Trade Finance during the Great Trade Collapse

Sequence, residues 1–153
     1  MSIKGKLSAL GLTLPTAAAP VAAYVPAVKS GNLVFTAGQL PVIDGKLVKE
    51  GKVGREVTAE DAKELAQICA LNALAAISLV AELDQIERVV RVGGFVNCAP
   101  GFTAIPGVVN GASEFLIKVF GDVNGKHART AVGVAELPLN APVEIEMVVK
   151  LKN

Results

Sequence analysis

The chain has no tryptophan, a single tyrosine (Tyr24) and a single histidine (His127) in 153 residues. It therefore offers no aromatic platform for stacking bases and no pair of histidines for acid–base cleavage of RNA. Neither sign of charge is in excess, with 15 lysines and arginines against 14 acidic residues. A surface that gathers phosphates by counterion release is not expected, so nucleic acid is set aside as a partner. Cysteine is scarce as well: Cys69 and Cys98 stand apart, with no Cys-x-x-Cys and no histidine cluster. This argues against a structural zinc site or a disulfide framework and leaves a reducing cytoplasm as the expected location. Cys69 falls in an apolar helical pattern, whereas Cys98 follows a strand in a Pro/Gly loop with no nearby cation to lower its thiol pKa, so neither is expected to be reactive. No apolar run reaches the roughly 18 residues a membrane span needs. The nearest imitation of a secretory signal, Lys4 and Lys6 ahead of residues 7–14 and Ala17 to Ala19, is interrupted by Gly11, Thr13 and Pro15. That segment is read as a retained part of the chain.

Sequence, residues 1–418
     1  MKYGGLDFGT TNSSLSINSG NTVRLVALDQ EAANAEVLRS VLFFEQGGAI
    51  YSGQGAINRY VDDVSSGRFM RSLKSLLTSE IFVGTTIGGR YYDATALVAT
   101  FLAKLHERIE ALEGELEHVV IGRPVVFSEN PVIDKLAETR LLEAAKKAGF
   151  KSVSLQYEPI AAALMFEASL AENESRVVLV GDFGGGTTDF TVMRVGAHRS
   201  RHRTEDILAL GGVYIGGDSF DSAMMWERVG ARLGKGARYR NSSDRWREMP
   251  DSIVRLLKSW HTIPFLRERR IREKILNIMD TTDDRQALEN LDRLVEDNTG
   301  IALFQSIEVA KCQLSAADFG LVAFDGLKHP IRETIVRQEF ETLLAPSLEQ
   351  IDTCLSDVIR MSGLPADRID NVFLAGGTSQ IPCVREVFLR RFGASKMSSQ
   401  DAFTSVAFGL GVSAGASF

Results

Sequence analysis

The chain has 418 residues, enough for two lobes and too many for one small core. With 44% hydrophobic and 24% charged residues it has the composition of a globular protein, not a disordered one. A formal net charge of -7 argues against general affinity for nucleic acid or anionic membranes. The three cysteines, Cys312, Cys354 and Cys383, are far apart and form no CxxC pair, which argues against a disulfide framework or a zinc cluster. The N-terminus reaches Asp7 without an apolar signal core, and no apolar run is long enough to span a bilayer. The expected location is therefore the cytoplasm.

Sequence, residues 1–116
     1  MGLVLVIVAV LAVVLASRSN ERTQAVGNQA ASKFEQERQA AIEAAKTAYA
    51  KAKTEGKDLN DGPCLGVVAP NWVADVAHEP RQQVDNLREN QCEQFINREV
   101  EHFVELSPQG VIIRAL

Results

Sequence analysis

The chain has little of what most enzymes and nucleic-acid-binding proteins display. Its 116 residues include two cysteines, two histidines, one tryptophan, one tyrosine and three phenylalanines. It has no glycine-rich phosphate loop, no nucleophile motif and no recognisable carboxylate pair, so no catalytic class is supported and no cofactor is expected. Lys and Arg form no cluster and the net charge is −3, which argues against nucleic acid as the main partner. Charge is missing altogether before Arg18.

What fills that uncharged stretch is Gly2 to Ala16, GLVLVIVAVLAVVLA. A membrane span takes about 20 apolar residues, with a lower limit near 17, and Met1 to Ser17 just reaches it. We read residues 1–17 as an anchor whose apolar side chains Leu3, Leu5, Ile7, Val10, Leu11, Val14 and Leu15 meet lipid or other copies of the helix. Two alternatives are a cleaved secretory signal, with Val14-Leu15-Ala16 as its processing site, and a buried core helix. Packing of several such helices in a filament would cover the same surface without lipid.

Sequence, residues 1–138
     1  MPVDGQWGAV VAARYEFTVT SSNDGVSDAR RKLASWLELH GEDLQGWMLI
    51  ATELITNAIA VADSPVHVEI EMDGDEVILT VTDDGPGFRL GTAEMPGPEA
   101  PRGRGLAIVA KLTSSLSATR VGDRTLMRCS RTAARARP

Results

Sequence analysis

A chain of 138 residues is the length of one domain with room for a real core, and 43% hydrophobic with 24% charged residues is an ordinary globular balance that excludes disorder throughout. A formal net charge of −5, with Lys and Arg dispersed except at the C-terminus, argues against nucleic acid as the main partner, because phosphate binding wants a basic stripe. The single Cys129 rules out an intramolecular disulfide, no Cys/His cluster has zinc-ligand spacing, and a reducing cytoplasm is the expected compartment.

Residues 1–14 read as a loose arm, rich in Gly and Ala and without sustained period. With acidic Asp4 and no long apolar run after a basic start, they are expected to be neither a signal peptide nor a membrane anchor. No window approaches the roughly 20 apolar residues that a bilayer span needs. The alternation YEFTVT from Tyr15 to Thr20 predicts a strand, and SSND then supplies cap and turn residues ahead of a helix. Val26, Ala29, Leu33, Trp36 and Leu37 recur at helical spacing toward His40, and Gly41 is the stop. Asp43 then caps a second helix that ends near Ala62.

On September 15, 2008, Lehman Brothers, the fourth largest U.S. investment bank filed for bankruptcy. Global credit markets tightened. Spreads skyrocketed. International trade plummeted by double-digits. Banks were reportedly unable to meet the demand from their customers to finance their international trade operations, leaving a trade finance gap estimated at around US$25 billion. Governments and international institutions were encouraged to intervene based on the information that some 80-90 percent of world trade relies on some form of trade finance. As the recovery unfolds, time has come to provide policy makers and analysts with a comprehensive assessment of the role of trade finance in the 2008-09 great trade collapse and the subsequent role of governments and institutions to help restore trade finance markets.